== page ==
received and the lack of an automated support system.           expected and on exploring and testing some long-term
Tasks that could be computerized, such as searching for         measures that will provide the basis for structural
jurisprudence, tracking correspondence and sending out          improvements.
replies and other routine letters, are carried out manually.
By the end of 1999, the backlog of individual complaints        Activities
awaiting HRC attention amounted to 2,523 pieces of
correspondence.                                                 • Strengthen the capacity of the system to consider
                                                                  State party reports. In-depth research and analysis
Inquiries                                                         capacity at the secretariat level will be improved, as
                                                                  will the information technology support system.
The Committee against Torture is also faced with increas-         Workflows will be revised and automated.
ing demands stemming from its inquiry procedure,
through which it considers whether there is a systematic        • Enhance OHCHR’s capacity to handle individual com-
practice of torture occurring in a State party. Under this        plaints of human rights violations expeditiously. As a
procedure, the committee must examine large volumes of            matter of priority, OHCHR will concentrate on elimi-
information before arriving at conclusions. As awareness          nating the HRC’s backlog of unprocessed communi-
about the committee and its inquiry procedure has grown,          cations. To avoid transferring the problem to the other
so has the number of requests for inquiries.                      end of the chain, where processed communications
                                                                  would be accumulating as they await examination by
Objectives                                                        the HRC, OHCHR should provide the committee with
The activities have four main objectives, which are devel-        additional meeting time entirely devoted to the exam-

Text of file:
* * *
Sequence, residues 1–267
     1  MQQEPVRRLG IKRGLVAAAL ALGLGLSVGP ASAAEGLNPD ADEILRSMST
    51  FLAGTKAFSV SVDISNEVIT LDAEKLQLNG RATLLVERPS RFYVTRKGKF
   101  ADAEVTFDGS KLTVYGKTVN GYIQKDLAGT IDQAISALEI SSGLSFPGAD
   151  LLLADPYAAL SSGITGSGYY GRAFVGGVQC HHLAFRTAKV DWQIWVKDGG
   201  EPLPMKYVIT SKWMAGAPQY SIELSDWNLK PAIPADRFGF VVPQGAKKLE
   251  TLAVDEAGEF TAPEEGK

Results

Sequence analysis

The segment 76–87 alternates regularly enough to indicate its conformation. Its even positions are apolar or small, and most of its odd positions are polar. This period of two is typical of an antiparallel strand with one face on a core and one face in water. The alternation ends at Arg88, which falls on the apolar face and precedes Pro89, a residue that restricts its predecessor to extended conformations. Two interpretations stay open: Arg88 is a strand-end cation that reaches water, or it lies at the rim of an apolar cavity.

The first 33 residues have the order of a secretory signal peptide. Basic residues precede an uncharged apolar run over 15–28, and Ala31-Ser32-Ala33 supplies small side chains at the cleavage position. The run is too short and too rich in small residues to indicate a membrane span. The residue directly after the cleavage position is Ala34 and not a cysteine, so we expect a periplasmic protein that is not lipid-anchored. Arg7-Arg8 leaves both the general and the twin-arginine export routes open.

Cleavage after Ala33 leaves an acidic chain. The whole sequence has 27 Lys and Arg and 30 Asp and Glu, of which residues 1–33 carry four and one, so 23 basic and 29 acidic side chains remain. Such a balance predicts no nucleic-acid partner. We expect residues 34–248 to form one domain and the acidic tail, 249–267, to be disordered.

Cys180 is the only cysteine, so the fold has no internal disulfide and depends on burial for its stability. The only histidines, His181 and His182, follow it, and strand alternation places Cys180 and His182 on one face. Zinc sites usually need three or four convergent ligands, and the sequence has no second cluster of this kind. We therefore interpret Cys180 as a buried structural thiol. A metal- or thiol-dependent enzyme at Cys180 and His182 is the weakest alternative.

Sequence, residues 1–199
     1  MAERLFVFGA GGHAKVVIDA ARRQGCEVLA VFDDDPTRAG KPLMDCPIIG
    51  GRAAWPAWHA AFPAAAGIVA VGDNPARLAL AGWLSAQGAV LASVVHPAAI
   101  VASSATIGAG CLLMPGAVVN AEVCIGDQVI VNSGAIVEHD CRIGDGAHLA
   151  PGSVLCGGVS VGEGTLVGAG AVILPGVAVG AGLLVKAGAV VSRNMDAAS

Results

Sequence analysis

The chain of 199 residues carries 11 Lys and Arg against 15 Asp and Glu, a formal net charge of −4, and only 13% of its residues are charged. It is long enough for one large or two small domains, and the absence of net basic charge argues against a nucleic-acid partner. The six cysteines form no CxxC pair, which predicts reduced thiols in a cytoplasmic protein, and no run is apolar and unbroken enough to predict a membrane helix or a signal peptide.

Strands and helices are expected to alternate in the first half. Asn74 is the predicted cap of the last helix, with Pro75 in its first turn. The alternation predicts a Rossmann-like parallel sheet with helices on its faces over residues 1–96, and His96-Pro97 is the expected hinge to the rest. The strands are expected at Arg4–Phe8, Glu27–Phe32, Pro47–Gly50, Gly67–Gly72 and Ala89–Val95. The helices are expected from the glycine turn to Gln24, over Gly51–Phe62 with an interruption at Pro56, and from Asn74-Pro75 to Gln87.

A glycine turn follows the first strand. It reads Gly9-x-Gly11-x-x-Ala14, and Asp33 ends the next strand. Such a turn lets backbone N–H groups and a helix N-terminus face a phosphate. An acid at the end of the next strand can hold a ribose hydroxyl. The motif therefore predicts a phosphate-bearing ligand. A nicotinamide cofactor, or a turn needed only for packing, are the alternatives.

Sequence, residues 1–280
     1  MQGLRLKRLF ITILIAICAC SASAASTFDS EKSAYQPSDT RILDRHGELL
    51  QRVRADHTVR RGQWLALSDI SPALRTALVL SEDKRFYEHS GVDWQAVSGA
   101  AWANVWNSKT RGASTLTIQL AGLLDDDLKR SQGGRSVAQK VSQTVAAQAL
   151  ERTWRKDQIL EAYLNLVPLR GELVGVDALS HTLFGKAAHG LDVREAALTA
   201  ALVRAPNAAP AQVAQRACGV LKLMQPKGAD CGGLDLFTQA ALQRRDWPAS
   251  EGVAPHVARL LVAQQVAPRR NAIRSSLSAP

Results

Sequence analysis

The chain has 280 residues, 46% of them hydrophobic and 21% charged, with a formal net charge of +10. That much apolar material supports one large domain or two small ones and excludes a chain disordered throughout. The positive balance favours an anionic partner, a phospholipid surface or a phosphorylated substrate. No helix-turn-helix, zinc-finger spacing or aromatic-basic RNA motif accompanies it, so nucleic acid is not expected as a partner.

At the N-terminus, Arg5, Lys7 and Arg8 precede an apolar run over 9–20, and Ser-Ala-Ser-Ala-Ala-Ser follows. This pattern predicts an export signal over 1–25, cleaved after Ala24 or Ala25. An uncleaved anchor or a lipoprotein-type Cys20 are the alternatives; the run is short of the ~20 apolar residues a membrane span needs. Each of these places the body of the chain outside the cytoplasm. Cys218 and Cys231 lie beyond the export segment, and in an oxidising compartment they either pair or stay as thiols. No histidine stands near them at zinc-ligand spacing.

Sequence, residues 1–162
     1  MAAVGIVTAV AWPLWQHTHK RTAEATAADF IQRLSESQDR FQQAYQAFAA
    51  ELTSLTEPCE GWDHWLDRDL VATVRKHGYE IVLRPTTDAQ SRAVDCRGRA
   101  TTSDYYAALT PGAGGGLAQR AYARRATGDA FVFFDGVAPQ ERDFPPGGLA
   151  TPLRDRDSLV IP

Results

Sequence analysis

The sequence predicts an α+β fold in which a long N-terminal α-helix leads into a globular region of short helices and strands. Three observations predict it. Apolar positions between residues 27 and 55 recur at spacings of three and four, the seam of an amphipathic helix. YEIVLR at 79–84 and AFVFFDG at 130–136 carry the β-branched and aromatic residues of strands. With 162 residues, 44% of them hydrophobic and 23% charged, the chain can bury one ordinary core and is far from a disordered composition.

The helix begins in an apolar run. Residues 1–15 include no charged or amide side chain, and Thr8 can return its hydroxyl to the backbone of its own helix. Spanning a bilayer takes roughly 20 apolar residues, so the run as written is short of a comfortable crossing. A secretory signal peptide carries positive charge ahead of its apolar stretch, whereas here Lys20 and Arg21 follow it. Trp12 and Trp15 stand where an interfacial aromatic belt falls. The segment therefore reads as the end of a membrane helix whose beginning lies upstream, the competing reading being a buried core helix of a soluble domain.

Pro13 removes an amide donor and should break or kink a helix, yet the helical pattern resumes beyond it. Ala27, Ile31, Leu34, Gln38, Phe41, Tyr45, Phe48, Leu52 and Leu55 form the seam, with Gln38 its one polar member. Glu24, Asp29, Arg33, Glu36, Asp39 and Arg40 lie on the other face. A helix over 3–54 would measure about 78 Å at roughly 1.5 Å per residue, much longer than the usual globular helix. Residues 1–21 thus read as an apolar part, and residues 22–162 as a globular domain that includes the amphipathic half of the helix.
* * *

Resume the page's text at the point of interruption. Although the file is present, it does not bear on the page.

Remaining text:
oped and adapted in the specific project proposals. By the        ination of complaints. A revision of working methods,
end of the two-year project:                                      together with a heavy investment in modern automa-




                                 22
                                                                     I N T E R N AT I O N A L H U M A N R I G H T S C O N V E N T I O N S




  tion systems, should enable the secretariat to elimi-      during the January 2001 session; the comment will be
  nate the current backlog of some 2,500 pieces of cor-      submitted to the second session of the preparatory
  respondence, while keeping abreast of an estimated         committee of the World Conference against Racism. A
  3,000 new pieces of correspondence per year.               day of general discussion on “State violence against
                                                             children”, held in collaboration with the CAT and the
• Improve follow-up to committee recommendations             Special Rapporteur on Torture and with the support of
  and observations by States parties. Measures under         other human rights bodies, helped mainstream the issue
  this activity include: facilitating follow-up meetings     of child rights. A project for follow-up to the recommen-
  with States parties whose reports are overdue (HRC);       dations on juvenile justice was sub-contracted to part-
  supporting the involvement of various partners,            ners in Uganda for implementation in October 2000. A
  including other human rights bodies, UN agencies or        meeting of the Coordination Panel on Technical Advice
  national human rights institutions, in implementing the    and Assistance in Juvenile Justice took place in New
  committee’s recommendations (CRC); and exploring           York in March 2000 and approved OHCHR’s suggestion
  the possibility of establishing a “good practices” data-   to convene an expert workshop in 2002, with OHCHR
  base on the implementation of human rights recom-          serving as secretariat for the Panel in 2001.
  mendations, thus making treaty bodies a kind of
  “clearing house” of information.                           Committee on Economic, Social and Cultural Rights:
                                                             The committe has been provided with support for
• Continue efforts to improve the treaty body system.        research and other vital components of the reporting
  An important debate has been fueled in recent years        process. This added assistance, with the two extraordi-
  by a number of studies analyzing the functioning of        nary sessions approved by the Economic and Social
  the treaty body system. The Office will help organize      Council and the General Assembly for 2000 and 2001
  ad hoc working meetings of designated representa-          to examine State reports, will enable the committee to
  tives of treaty bodies for in-depth discussions on how     consider 12 more reports than it would otherwise be
  to coordinate or streamline their work. Improvements       able to consider over the two-year period. With the par-
  to be considered include establishing joint approaches     ticipation of a wide range of interested parties, including